Rail Trails: Bike Riding on Abandoned Railroad Lines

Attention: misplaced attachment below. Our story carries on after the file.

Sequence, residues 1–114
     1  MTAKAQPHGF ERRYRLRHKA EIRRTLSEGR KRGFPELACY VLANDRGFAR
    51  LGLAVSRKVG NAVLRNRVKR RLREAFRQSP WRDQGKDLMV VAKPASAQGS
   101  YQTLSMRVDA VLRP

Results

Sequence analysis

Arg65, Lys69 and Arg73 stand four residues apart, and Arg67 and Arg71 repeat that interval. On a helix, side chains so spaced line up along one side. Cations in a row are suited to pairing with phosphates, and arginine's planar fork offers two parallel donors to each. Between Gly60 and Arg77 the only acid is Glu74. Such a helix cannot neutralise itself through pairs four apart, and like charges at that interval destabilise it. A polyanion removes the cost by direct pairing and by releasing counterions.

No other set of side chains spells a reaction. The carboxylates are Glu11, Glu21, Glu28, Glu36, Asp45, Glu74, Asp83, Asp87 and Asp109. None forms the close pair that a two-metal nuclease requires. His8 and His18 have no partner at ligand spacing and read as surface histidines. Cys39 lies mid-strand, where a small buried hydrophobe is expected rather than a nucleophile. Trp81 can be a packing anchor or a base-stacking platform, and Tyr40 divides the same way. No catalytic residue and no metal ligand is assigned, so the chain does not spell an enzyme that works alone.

A flat and easy ride – so hard to find in hilly N.H.More than a century ago they were ruled by locomotives. Today it’s common to see people bicycle, walk and enjoy other recreational pursuits on the long-abandoned railroad lines. Called “rail trails,” they are built and maintained by municipalities and volunteer groups. They pass along rivers, over bridges, through cool forests, by farms and in and out of cities across the state.”There has been a growing awareness about them,” says rail trail advocate Dick Mackay, chairman of Friends of the Northern Rail Trail in Grafton County. “Trails get used in a number of ways, so there is support from so many different people.”According to the N.H. Bureau of Trails, users may include bikers, hikers, equestrians, off-highway recreational vehicles, cross-country skiers, sled dogs and snowshoers.The trails – 493 miles of them – have various personalities. The Northern Rail Trail connects Grafton and Merrimack counties and features an impressive collection of bridges. Cycling in view of the northern Presidential Range with chances of seeing wildlife make the Presidential Range Trail a top destination. Wolfeboro’s Cotton Valley Trail contains outstanding stretches along the water, while the paved Windham Rail Trail is a showcase for what can be done in areas of solid populations. Keene’s Ashuelot Rail Trail leaves the pleasant college city beyond for small-town charm and a handful of covered bridges. Though the behind-the-scenes work is often long, the results make it worth it. “There is a sense of personal safety,” he says about the rail trails. “That is often why people want to ride.”Gear BoxCharles F. Martin’s “New Hampshire Rail Trails” ($19.95) is an essential piece of equipment to have while riding the rails. Combination guide book and historical tome, Martin details the Granite State’s rich assortment of trails and includes quality maps plus old photos.Support rail trails with a membership in the non-profit Rails-to-Trails Conservancy. The organization’s magazine features trails to visit and frequently includes New England locations (memberships begin at $18).Since rail trails harken back to a simpler time, why not ride one on a Schwinn? The 21-speed Midmoor ($250) hybrid won’t be under any Tour de France winners but it’s a decent bike for those pedaling maybe a few hundred miles a year on paved trails.Expert AdviceHanover’s Dick Mackay is a cycling and walking advocate. He is chairman of the Friends of the Northern Rail Trail in Grafton County and is the author of “Adventures in Paradise: Exploring the Upper Connecticut Valley of Vermont & New Hampshire (on a Bicycle!).”What type of person bicycles on a rail trail? All ages – everybody – because rail trails are seen entirely differently than either road or mountain biking. Number one is perception of safety. Number two is they’re flat, anybody can do it. This is not just another kind of biking. Rail trails have created another kind of recreation with a whole new set of participants, many of whom never biked before.What about people out for a walk? There is very heavy pedestrian use of rail trails. The railroads joined towns, or created them, and that’s where the people are. In built-up areas there is probably as much pedestrian use as bike. Dog walking, stroller pushing, jogging – rail trails are sidewalks, and often very scenic ones as the railroads followed the paths of least resistance, the rivers.What kind of surfaces do they have? Typically paved in urban areas like Derry, Salem, Manchester and Nashua but more often “hardpack.” Some corridors that were never ballasted with broken stone, such as the Presidential (along Route 2 between Gorham and Whitefield), remain in cinders, as was common before 1950. Makes for great bike riding.What kind of bicycle do I need? Hybrid is best, but it varies. We see some road bike use on the Northern by tour groups, but rail trails that have not been resurfaced may require fat tires.What is allowed on a rail trail and what isn’t? That is trail specific. Trails purchased with Federal Transportation Enhancement funds like the Northern do not allow “ground contact vehicles” like four-wheelers, etc. Both the Ammonoosuc (near Littleton) and Sugar River between Claremont/Newport permit motorized use, the latter because it was bought by the state many years ago. How does a rail line become a trail? After abandonment – a formal process through the Federal Railroad Administration – rail corridors are usually transferred to public ownership, usually by sale. New Hampshire is somewhat different as the state began purchasing railroads before rails-to-trails was even thought of, to continue to provide service to industry. Some of those state-owned lines continue to operate on a lease basis; others have become rails-to-trails. New Hampshire owns more rail mileage per capita than any state, both in and out of use.

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